Ireland will end the kind of austerity measures required under the bailout with October's Budget as the economy looks to be growing faster than expected, Tanaiste Joan Burton said today.
The Government won praise in Europe for meeting all major targets under the E85 billion aid programme it completed last year but suffered at the local elections in May as voters expressed frustration at more than half a decade of budget cuts.
That prompted a change of leadership in the Labour Party, and its new leader, Joan Burton, told Reuters that the era of severe tax hikes and spending cuts had come to an end - even though the budget still needs to be squeezed.
"I said quite early on that it wouldn't be necessary to have the kind of cuts that were the feature of the 'Troika' years' budgets," Burton said.
"We have now emerged from that period and are coming into a growth period. We of course have to be extremely careful to manage it properly but also have to be conscious that we have a growth that people can actually feel."
Burton's comments come after data yesterday showed the country's tax take for 2014 was 2.5 percent ahead of target at the end of July, a trend finance minister Michael Noonan said would ensure budget cuts "somewhat less" than the 2 billion euros originally planned for October.
Burton, who is also minister for social protection, said it was too early to say by how much Ireland would beat its budget deficit target of 4.8 percent for 2014, but that the buoyant income tax and employment figures had eased the pressure for cuts in her department significantly.
She said it was "quite possible" the government would revise upwards its 2014 gross domestic product forecast of 2.1 percent ahead of the budget after new EU rules on calculating economic output were more favourable than anticipated.
Ireland is also seeking to reduce the cost of carrying its debt by repaying its more expensive IMF loans early, before it repays aid from the euro zone bailout fund, a move that needs agreement from its partners in Europe to change the terms.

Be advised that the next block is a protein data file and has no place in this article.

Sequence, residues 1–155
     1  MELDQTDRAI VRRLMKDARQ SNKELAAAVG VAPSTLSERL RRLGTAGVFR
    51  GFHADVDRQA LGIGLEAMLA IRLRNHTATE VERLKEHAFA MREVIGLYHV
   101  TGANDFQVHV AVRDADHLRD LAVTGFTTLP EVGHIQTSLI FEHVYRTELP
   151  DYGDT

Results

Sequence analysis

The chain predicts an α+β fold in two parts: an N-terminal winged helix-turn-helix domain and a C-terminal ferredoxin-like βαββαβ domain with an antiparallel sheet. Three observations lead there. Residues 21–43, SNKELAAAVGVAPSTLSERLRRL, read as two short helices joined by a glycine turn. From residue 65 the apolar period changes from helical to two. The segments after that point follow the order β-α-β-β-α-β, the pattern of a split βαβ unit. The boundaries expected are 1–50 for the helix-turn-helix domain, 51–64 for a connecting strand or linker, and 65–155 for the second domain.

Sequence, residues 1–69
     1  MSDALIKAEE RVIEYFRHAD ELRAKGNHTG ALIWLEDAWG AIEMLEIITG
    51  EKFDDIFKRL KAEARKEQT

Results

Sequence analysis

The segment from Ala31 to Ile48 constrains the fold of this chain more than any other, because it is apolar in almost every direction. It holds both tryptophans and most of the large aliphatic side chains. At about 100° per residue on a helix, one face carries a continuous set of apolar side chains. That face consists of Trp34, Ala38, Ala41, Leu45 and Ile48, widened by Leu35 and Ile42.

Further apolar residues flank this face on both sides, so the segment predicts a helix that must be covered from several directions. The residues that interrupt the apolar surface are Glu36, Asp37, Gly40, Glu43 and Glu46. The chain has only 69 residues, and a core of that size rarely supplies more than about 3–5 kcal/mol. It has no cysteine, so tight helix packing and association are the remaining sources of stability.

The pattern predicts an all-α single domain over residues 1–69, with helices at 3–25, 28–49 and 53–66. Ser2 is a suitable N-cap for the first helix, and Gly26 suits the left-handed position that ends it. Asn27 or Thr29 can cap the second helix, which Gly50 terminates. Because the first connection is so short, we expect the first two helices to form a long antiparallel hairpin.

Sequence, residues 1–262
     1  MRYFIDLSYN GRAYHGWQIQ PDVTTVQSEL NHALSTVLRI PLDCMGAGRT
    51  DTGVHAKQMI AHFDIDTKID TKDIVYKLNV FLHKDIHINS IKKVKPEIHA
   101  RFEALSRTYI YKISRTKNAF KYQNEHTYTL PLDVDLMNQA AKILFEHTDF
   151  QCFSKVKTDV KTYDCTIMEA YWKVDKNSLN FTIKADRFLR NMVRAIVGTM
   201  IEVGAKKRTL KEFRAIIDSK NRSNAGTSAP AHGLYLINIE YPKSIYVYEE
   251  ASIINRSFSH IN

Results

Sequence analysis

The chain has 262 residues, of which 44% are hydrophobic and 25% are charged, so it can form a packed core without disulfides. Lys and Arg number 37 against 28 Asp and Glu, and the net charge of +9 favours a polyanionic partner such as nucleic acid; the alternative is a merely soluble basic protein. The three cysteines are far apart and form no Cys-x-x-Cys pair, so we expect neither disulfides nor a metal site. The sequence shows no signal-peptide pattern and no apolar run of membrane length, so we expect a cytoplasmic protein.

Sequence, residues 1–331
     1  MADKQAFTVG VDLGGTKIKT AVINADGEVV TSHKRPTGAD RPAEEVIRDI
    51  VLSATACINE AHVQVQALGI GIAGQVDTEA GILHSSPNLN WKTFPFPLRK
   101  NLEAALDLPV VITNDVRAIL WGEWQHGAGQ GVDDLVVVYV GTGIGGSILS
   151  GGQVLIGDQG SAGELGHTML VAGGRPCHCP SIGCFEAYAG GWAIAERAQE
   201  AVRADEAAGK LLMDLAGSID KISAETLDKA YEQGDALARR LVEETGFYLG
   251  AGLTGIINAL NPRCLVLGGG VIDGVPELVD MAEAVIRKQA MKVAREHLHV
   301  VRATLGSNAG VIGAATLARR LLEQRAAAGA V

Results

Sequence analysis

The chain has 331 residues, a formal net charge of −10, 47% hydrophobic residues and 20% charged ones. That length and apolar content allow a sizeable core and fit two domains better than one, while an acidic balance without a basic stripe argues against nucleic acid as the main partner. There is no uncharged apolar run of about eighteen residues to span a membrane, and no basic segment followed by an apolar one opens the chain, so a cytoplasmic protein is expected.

Noonan, who sits alongside Burton, Public Expenditure Minister Brendan Howlin and Taoiseach Enda Kenny on the economic management council, said last week that the IMF backed the idea but that it could run into political difficulties in Europe.
"All of these are delicate negotiating matters but in terms of countries like Ireland recovering - which would also be an achievement for Europe - I think this is a win-win, a win for Ireland and a win for Europe," Burton said.
"This particular deal would save Ireland 200 million euros a year," said the chartered accountant turned politician.
"In the scheme of things, that may not sound like a lot of money, but in terms of the minute management of the budget, it offers, again, that extra bit of scope."
With the economy improving, Burton's biggest challenge may yet be shoring up the support of her centre-left party with just over 18 months to go until a parliamentary election. It won 7 percent of seats in the local polls, down from the 19 percent that brought it to power three years ago.
"It's a pretty big challenge but the next election, unlike the local and European elections, will be about what kind of government and what kind of economy (voters) envisage." (Reuters)